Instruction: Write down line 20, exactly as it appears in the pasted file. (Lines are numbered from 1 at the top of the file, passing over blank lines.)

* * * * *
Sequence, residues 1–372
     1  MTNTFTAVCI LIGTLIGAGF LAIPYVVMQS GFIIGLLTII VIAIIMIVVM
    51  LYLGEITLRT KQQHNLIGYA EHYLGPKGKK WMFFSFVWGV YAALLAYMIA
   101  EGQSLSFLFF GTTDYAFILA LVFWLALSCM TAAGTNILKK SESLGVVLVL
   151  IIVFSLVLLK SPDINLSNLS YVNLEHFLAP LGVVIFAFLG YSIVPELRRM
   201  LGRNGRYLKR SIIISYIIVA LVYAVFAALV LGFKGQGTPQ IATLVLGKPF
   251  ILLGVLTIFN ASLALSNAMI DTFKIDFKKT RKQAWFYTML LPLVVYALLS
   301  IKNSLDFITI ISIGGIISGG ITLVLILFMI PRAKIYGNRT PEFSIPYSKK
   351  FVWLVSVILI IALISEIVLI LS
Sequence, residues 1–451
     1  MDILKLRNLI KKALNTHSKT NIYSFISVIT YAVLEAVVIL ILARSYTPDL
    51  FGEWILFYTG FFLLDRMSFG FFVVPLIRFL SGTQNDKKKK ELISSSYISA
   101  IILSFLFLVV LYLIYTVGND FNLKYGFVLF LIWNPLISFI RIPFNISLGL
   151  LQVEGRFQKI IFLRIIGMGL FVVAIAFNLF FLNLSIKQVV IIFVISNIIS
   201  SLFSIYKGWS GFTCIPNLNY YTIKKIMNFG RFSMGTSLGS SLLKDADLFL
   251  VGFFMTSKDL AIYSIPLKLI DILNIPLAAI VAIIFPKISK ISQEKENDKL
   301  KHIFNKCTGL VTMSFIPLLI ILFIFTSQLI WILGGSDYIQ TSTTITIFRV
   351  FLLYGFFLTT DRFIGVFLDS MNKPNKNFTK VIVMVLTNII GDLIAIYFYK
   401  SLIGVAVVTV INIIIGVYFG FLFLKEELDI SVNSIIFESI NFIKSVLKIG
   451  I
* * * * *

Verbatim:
   451  I